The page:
A job is short term and more focused on getting a task done. Usually, jobs have a small impact on future resumes because they aren’t typically related to what your career is or will be. Also, jobs usually offer less networking opportunities because your co-workers often won’t be continuing on to the same field as you in your future career. Careers are more long-term and are about learning, gaining experience, building connections, and putting yourself in the right position for promotions and raises.

That’s not to say that jobs aren’t valuable. Jobs show your work ethic, which is important to future employers, and money pays the bills! Jobs can help prepare you for a career by providing you with valuable skills like time management and communication.

However you can turn your job to a career.

1. Focus on a job and continue learning and developing

2. Get a mentor

3. Expand your network. Attend seminars, conferences etc.

4. Go for certifications in that field and apply for internship.

Do you currently have a job or a career?

Are you willing to make a career out of that job your currently have?

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CAN YOU TURN A HOBBY INTO A CAREER?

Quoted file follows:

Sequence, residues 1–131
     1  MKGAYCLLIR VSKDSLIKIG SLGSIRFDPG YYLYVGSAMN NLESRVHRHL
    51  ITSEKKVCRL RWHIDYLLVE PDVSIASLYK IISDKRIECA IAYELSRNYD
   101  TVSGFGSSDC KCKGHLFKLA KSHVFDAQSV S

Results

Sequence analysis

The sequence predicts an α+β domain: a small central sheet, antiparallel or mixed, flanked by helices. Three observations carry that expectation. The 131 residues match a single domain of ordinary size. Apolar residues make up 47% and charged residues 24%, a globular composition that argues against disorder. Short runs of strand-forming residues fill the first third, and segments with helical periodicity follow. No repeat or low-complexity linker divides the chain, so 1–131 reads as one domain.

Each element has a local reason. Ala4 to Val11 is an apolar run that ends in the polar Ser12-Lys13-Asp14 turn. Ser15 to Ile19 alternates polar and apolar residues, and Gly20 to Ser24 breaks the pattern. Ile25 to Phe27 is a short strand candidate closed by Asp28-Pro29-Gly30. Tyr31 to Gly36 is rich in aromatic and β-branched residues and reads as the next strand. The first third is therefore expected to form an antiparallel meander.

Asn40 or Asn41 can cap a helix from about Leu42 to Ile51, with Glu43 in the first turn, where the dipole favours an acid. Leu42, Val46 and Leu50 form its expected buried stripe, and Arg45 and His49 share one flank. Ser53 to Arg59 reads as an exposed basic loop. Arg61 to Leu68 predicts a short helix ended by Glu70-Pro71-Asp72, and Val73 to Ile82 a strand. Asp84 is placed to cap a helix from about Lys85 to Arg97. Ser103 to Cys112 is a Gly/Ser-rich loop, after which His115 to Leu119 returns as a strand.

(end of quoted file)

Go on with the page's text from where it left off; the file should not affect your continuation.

First off, let’s know the difference between the two.

A hobby is something which you like to pursue in your free time for fun and relaxation. A career on the other hand is a profession or occupation that is specialized, focused and followed as your lifework.

It has been said that if you choose a job you love, you’ll never have to work a day in your life. While this might be overrated, you can actually find many ways to turn your hobby into a career. There are five simple strategies to start turning your hobby into your profession. So if you’ve already got the will, here’s how to get the way.

1. Keep Innovating

Irrespective of the kind of hobby you have, you can monitize it by innovation. For example if you like painting, why not give your home  a re-paint. That’s the beginning of business. When you start getting compliments from families and friends, a new brand has been birthed.

However you need  to figure out how to expand your client base, how to market your product/services, and how to create an adaptable product/service.

Every aspect of creating a career involves inventiveness and imagination. Whether it’s how you create the product or how you encourage the market, you’ll need to learn to innovate. No matter how successful you get, you can never stop brainstorming.

2. Be Persistent

“It’s okay to dream, but that’s not enough—you have to take action on your dreams —every single day.”

So, how do you get started? The best way to learn persistence is by creating a schedule and  sticking to it. “Be sure to work at some part of the business or hobby at least 15 minutes every day.” Now, of course, if you’re really trying to turn your hobby into a career, you’re eventually going to have to start ramping that daily time up. But 15 minutes a day is a great place to start.

3. Listen to All Feedback, Even Criticism

Friends, family, trusted peers, and role models play a vital role in helping you to successfully professionalize your hobby. Listen to their feedback and consider their remarks, because it’s possible that your enthusiasm and passion are keeping you from seeing something that might be a hazardous obstacle.